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According to the BBC, one of the largest ever cyber attacks took place this early this year and it cited that it was the shape of things to come. But it is not all doom and gloom, there is plenty that businesses can do to prepare for the future. Sean Power, security operations manager for DOSarrest Internet Security, sheds more light.
Start by thinking about the impact of your website being down for a day to three days and how it would affect current and prospective clients and the reputation of your brand. Google is usually the first port of call when checking out products and services, so chances are high that any disruption to your web experience won't be favourably looked upon by prospects.
Cyber criminals will often inject malware into legitimate websites with the goal of getting innocent users to click on it, which will automatically trigger a download and can lead to all sorts of problems for the user. As the website owner, you may be completely unaware, but this is something that Google is cracking down on. If a website is spotted hosting malicious links, Google can blacklist it, meaning it will not show up in searches and it will temporarily remove it from the Google index, which badly affects SEO. Browsers, such as Chrome, Firefox etc will also flag insecure or risky websites and that may scare away potential customers. It may take weeks of effort to get removed from blacklists and re-indexed.
And if this wasn't bad enough, the risk is actually two-fold. There are some would-be attackers that will threaten to hold your website to ransom. In this case, they will identify the holes in your website and blackmail you into paying them in order for them not to get your website blacklisted.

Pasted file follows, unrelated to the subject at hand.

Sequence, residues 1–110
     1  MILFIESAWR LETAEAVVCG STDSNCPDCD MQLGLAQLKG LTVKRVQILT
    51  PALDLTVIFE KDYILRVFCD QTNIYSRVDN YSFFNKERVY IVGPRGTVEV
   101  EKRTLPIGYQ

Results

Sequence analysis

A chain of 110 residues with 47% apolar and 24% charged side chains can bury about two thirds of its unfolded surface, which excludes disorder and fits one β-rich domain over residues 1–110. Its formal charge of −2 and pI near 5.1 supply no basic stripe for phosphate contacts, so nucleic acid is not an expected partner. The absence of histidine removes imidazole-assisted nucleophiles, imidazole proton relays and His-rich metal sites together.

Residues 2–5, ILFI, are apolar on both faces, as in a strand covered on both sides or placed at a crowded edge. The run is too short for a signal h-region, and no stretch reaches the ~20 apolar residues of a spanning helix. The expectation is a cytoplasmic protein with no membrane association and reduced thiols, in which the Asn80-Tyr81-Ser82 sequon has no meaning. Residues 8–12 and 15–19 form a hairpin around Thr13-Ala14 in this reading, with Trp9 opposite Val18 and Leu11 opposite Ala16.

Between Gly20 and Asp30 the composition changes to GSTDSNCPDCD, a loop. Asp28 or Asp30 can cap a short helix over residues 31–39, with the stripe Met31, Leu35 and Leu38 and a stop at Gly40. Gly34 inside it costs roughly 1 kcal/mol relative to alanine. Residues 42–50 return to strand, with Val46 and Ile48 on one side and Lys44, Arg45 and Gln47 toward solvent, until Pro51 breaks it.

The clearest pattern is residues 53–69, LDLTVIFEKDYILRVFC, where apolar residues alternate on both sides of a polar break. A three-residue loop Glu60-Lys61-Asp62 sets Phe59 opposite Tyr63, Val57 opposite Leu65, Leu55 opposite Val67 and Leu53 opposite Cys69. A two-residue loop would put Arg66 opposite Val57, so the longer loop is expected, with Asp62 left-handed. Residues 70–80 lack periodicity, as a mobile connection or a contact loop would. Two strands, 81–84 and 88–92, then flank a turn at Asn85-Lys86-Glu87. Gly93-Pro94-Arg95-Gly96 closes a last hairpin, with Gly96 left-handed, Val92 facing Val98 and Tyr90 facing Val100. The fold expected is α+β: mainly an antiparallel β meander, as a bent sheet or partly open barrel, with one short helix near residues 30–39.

The best way to avoid getting blacklisted, or indeed blackmailed, is to have the website checked for malware and other infections. And it is also highly recommended to have your website scanned for known vulnerabilities. This will ensure that there are no "holes" that attackers can exploit to install malware or create watering holes for unsuspecting customers.
Another issue to avoid falling victim to is a DDoS attack. DDoS attacks bombard a website with so many external communication requests that it floods the system and overloads the server to such a point that it can no longer function, leaving the website paralysed and unable to transact business. Attacks of this nature are on the rise and it's fair to predict that this year will be no exception to this trend. The best start is to have a plan in place- whether it is a hardware solution that takes days to install and requires a higher up-front cost; or a provider who offers DDoS protection services that can be up and running in as little as a few hours for a monthly cost.
In addition, it's worth noting that some good DDoS protection services will offer a caching component that will allow bursts of legitimate traffic to your website without negatively impacting on the server. Because it will automatically balance the load coming in, it keeps the website available to handle large amounts of requests with no disruption to your user base. So, make sure you do your research when choosing the best option for your website.
Bear in mind that, while you can get a protection service in an emergency situation, as with so many things, the best offense is a good defence, so businesses should make sure that they have a proactive DDoS solution in place to avoid disruption to your web presence.
1) Run malware detection and anti-virus on your website to spot and clear any existing infections
2) Enlist the services of a vulnerability scanner to identify and fix any exploits in your website
3) Have proactive DDoS protection in place; either in the form of hardware or a managed service
4) Have load balancing in place to ensure your website can handle increases in transactions
Sean Power is security operations manager for DOSarrest Internet Security